Emmanuel Marshall 31 May 2018 16:46:46 AEST 4 MIN READ

Millionaire Nigerian phishing scammers jailed in UK

Two Nigerian scammers operating out of London UK are now serving jail time over a £1 million+
phishing operation. 

According to UK investigators the jailed men, Emmanuel Mmaduike and Olawale Kashimawo (pictured above), headed a well-organised cybercrime syndicate specialising in email fraud. 

Tony Adams, head of investigations at the National Crime Agency’s Cyber Crime Unit, said in a statement that the fraudsters “sent out convincing emails to victims purporting to be from well-known service providers and companies asking them to input their details… They could then alter payment details.”

Investigators discovered that Mmaduike and Olawale successfully harvested the login credentials for thousands of business email accounts, allowing them to fraudulently redirect financial transactions to illicit bank accounts.

The two men boasted about their ill-gotten gains on social media and apparently spent large sums on extravagant vehicles and entertainment before their capture.


Trademarks exploited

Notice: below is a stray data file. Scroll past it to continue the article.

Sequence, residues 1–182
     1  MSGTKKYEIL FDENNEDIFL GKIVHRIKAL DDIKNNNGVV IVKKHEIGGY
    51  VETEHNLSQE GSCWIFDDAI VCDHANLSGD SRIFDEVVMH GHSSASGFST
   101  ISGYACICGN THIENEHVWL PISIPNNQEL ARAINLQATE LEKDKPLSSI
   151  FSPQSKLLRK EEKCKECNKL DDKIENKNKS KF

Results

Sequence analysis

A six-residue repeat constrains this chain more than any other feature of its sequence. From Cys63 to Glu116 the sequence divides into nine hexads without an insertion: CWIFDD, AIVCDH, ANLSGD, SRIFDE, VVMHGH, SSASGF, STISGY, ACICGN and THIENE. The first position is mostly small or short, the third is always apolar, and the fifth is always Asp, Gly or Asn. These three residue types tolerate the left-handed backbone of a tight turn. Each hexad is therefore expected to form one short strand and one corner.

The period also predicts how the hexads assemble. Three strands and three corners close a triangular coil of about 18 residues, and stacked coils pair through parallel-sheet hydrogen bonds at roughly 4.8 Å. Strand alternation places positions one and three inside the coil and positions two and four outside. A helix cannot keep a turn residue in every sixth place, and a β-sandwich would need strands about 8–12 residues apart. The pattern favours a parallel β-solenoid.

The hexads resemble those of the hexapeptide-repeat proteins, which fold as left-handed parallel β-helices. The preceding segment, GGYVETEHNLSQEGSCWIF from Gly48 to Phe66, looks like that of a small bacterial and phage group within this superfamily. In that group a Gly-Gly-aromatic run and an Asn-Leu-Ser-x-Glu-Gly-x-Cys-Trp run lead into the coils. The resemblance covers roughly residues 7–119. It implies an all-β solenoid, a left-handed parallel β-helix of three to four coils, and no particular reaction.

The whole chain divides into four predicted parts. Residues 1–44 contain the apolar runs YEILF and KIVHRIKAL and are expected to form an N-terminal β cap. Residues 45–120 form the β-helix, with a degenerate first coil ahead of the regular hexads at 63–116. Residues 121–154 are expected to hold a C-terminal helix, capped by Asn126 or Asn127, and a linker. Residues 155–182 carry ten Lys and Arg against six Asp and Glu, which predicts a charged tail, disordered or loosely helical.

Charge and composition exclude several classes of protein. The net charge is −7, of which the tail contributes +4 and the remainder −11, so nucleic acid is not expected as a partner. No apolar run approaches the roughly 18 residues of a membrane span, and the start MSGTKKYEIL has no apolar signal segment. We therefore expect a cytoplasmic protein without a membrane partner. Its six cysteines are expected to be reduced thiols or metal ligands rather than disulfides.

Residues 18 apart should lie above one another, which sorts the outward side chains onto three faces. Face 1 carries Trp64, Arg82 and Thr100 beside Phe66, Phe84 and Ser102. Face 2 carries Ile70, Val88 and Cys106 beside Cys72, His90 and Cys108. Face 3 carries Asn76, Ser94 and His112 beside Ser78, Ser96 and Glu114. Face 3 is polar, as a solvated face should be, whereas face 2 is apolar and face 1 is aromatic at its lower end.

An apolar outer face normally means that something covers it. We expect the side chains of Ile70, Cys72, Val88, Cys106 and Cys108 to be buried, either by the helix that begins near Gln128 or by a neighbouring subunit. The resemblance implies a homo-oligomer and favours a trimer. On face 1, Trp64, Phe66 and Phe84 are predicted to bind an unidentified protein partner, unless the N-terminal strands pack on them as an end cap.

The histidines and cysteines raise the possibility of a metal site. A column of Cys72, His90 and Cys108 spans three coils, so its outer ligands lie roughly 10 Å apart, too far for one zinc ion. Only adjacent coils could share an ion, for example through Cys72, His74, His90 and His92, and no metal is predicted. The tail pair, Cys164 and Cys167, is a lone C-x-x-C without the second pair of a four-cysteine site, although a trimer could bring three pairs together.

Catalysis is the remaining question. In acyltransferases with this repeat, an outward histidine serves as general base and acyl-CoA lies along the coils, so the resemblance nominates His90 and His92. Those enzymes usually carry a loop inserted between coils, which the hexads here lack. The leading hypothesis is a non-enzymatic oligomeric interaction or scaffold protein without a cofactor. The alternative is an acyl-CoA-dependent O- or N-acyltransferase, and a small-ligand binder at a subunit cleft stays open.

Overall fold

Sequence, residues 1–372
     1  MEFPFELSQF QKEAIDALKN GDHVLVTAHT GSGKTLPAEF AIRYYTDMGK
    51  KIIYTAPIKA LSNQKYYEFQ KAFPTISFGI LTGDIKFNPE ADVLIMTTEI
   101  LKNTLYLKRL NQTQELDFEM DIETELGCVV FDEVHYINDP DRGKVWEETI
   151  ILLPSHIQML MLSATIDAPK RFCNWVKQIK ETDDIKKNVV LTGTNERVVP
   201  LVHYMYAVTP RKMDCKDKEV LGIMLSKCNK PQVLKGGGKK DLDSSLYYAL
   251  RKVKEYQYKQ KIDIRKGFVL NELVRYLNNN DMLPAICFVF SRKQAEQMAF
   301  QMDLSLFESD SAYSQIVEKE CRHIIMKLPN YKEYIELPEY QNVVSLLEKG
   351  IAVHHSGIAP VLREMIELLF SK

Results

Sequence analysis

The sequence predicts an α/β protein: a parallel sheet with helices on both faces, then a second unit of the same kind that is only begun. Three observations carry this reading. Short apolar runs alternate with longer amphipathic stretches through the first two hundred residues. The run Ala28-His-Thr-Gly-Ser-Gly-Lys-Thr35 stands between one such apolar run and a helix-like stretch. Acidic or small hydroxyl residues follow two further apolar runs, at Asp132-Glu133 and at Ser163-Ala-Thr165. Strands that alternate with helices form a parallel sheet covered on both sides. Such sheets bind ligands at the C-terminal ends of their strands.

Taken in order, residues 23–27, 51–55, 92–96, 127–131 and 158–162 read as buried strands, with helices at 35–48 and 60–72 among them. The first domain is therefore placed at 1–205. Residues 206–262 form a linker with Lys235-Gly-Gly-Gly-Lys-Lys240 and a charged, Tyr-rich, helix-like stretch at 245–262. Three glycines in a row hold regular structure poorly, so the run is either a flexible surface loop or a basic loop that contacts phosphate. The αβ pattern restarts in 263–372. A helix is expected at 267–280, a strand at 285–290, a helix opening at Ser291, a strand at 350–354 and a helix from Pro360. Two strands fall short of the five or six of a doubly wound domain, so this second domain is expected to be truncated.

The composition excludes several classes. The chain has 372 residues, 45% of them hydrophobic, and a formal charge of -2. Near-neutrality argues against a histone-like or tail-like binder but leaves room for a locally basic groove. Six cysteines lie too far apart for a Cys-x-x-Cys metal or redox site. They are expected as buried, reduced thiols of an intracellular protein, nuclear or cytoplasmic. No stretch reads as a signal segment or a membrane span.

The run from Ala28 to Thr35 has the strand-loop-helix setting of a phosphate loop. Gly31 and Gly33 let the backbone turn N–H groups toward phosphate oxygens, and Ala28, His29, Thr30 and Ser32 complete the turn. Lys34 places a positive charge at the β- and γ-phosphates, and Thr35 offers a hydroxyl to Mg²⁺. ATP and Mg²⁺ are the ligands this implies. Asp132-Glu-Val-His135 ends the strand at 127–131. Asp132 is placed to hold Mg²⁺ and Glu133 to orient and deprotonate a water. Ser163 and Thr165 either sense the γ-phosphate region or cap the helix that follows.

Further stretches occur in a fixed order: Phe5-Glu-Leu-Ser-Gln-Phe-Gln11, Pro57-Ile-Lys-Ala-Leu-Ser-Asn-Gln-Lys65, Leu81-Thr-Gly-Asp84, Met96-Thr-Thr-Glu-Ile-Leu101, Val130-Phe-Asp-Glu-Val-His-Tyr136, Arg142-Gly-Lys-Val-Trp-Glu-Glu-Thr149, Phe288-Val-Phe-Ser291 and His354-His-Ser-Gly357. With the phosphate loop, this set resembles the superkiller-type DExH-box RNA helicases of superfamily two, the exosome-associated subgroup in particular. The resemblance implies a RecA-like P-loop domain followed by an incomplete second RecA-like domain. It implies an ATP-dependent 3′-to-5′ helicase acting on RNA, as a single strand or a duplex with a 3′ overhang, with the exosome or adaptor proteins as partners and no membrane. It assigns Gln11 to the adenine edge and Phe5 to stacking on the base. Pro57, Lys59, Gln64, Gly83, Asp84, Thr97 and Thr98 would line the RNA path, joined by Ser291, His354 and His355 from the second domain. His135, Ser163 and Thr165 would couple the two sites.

The methods used by the scammers at the centre of this British case are typical brandjacking techniques.
Brandjacking is the exploitation of well-known brands and trademarks to trick victims into trusting scam emails. Scam victims are much less likely to be suspicious of a malicious message if it appears to come from a company or organisation they know.

MailGuard sees new brandjacking scams appearing all the time and they continue to be one of the most common forms of cybercrime.

Brandjacking emails can be very rudimentary, like this recent example imitating a DHL parcel tracking message:


But sometimes brandjacking messages are quite sophisticated, like this notorious example which is designed to look like a Telstra bill notification:


Phishing emails usually link to websites that are also designed to mimic actual login pages.

Victims of last year’s notorious Netflix phishing scam were sent this message:

When the recipients of the scam message clicked on “restart membership” they were taken to this cunningly designed fake login page:

Scams of this sort have high success rates for criminals because for many ordinary internet users, the tell-tale signs of a brandjacking scam are not easily apparent.


Tell-tale signs of email scams

There are a few ways you can check if an email is a scam:

  • Generic greetings, such as ‘Dear customer’
  • A sense of urgency: “Ensure your invoice is paid by the due date to avoid unnecessary fees”
  • Bad grammar or misuse of punctuation
  • poor-quality or distorted graphics
  • An instruction to click a link to perform an action
  • Obscure sending addresses that don’t match the real company’s domain URL

Learn more about brandjacking scams and how to identify them in this article; Warning: Our Brains are on Autopilot Most of the Time.


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